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How Changing The Way We Pay Changes Everything
Goddfried Leibbrandt and Natasha De Teran
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A tourist checks into a small hotel in an island resort and pays, in advance, with $100 bill. The hotelier gives the $100 bill to the butcher to settle his meat bill. The butcher uses it to pay his debt to the farmer. The farmer uses it to pay the mechanic for fixing his tractor. The mechanis gives it to the hotelier for hosting his daughter's wedding. Then the tourist changes his mind, so the hotelier refunds him the $100 note.
Credit cards based on'four corners': the cardholder, the cardholder's bank, the merchant and the merchant's bank. The financial foundation was the interchange fee. Mastercard and Visa run the 2 interchange networks. The cardholdermakes a $100 purchase. The issuing bank takes a 2% fee and passes on $98 to the merchant's bank. The merchant's bank takes a 1% fee and passes on $97 to the merchant.
The actual costs of the interchange are a lot less than 2%, and the margin allows the bank to offer incentives to cardholder - air miles or cashbacks etc.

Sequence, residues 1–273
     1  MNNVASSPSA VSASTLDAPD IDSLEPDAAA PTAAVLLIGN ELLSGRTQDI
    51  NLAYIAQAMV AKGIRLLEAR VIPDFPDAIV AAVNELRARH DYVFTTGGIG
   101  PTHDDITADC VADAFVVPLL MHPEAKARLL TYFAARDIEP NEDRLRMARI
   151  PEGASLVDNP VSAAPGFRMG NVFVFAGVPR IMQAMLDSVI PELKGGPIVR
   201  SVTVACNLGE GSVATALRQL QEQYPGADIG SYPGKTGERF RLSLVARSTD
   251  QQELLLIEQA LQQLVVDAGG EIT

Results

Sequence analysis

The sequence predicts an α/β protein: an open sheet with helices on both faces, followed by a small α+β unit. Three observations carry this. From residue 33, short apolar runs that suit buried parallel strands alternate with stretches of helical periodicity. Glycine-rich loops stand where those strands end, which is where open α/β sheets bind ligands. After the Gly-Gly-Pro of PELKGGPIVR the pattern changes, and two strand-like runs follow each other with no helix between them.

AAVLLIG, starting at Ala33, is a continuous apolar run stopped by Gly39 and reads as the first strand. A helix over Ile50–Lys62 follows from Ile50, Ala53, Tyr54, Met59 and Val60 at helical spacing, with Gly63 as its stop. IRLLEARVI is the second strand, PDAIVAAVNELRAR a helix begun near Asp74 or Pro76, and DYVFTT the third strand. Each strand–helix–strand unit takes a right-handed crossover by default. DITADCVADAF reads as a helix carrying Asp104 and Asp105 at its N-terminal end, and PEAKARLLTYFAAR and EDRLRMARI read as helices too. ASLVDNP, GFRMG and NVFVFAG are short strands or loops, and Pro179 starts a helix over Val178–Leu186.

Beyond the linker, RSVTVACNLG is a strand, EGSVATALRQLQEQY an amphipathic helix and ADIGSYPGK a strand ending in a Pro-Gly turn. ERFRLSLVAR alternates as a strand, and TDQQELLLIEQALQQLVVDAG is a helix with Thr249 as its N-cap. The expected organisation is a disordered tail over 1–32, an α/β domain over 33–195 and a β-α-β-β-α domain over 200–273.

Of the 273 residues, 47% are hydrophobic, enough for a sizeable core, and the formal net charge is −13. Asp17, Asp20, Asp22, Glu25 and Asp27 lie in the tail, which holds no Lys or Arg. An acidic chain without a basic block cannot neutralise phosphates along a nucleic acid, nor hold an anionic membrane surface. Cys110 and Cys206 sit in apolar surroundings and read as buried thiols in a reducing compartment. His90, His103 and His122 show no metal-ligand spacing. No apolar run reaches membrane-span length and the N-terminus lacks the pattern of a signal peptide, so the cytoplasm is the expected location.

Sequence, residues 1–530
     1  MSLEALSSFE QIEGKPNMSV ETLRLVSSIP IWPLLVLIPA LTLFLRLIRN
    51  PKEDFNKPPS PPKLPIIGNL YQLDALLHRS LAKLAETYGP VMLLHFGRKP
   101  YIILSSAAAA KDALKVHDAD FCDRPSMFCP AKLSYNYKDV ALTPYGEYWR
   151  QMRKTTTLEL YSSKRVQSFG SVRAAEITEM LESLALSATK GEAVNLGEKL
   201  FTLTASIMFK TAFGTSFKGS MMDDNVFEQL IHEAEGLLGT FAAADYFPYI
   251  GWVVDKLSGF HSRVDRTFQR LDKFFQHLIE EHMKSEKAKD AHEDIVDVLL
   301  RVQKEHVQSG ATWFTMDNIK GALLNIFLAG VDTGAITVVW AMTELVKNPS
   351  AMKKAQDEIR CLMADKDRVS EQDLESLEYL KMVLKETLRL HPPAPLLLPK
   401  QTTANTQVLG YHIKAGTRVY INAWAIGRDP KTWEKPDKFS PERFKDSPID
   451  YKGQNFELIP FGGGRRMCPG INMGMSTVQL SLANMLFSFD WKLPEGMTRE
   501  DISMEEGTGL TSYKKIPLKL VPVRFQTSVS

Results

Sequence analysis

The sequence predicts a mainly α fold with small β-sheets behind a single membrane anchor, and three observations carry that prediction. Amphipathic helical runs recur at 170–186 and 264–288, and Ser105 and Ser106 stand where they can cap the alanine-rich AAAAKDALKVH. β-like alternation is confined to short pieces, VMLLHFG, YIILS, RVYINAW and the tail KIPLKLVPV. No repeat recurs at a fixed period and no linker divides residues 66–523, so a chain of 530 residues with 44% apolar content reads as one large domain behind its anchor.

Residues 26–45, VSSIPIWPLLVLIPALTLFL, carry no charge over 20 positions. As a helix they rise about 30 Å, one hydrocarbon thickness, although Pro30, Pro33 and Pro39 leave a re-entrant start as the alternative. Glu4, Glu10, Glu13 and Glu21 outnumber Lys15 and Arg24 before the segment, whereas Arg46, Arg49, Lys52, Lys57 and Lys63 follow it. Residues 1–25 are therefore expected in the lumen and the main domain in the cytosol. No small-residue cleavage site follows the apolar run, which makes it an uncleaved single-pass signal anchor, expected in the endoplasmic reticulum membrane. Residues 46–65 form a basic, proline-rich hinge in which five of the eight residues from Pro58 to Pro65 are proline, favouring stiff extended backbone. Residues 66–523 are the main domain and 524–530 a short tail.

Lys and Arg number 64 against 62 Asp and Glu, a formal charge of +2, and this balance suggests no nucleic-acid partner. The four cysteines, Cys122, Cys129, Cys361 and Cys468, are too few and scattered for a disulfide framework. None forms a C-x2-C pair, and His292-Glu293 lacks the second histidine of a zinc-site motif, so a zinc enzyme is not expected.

The net effect of the interchange fee is to make transaction seem costless, or even profitable, to the cardholder, while passing all costs on to the merchant. He accepts that cost bc he believes he gets more sales than if he had to rely on cash sales.
Future of money very hard to predict: 10 years ago, who wd have thought that two Chinese super apps would control the majority of payments? Or that mobile phones starting in Kenya, could give the developing world access to banks?
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